- The first time that you were aware of having sexual thoughts of children (be sure to highlight this point on the timeline)
- Your first memory of being sexually aroused, be it with pornography or another stimuli (will likely be near the far left)
- In between each of the above, identify other significant key events that you believe can be seen as ‘signposts’ in your life for where you broke down a barrier (in your head or in your actions) and progressed to more problematic sexual behaviour. Remember that this is your timeline – if you feel that you need more boxes to tell your story, feel free to add more.
Click here for the blank, editable, pdf template.
To further explore and reflect on your timeline, think about how each point on your timeline made you feel. In particular, think about how you felt…
1) during the lead up to each point
2) going through each point
3) after each point
Why were you feeling these ways?
Some people find labelling their feelings very difficult. If you are finding this exercise difficult, take a look at the feelings below and see if any of these resonate with you:
Happy, Sad, Angry, Hurt, Depressed, Frustrated, Impulsive, Stressed, Relaxed, Excited, Bored, Curious, Rejected, Doubtful, Interested, Lonely, Irritated, Ashamed, Upset, Annoyed, Miserable, Guilty, In despair, Uneasy, Useless, Vulnerable, Afraid, Nervous, Timid, Indifferent, Restless, Alienated, Nonchalant, Dull, Anxious, Confident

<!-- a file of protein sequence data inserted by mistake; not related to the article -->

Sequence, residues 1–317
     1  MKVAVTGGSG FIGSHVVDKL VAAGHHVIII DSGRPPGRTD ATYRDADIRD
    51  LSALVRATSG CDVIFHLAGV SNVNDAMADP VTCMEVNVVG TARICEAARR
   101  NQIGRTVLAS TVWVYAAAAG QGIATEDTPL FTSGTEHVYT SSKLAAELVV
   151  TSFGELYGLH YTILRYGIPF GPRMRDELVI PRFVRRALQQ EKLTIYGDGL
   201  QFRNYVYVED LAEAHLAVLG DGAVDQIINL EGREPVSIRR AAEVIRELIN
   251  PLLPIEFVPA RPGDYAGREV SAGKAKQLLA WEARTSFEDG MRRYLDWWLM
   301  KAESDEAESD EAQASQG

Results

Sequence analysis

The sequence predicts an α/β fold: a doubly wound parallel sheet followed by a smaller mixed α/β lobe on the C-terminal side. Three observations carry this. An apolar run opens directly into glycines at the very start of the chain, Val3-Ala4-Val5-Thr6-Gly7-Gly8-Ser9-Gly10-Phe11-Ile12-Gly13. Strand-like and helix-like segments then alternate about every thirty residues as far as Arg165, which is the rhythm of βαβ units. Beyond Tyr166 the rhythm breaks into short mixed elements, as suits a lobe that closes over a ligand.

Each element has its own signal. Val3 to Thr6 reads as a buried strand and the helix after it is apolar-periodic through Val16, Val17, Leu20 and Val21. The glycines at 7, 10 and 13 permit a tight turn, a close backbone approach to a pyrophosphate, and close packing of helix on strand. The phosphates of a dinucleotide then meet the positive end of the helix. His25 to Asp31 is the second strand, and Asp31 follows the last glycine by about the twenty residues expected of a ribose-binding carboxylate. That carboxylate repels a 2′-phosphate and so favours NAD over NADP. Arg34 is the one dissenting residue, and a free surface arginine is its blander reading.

Although sexual behaviour can be influenced by numerous factors, it is not outside of your control. Sexual offending is not something that just happens on the spur of moment and often appears as a cycle or pattern that can become automatic and can occur repeatedly becoming somewhat part of a routine.
Thoughts are all mental activity including ideas, opinions, beliefs, values, judgements and impressions. Thoughts are the voice in our head which governs what we do. We are not always aware of our thoughts but they are always there.
Thoughts can be automatic, fleeting or more prolonged. Thought processes provide us with the capacity to reason, use logic, common sense and put ideas together. Your mind is seldom empty of thoughts-even when you are asleep your mind is active.
What is sexual fantasy?
Do you ever think about winning the lottery? How would you spend the money? Where would you go? This is one example of a fantasy. A fantasy is something that is imagined. It can be sexual or non-sexual, so a sexual fantasy is something sexual that is imagined.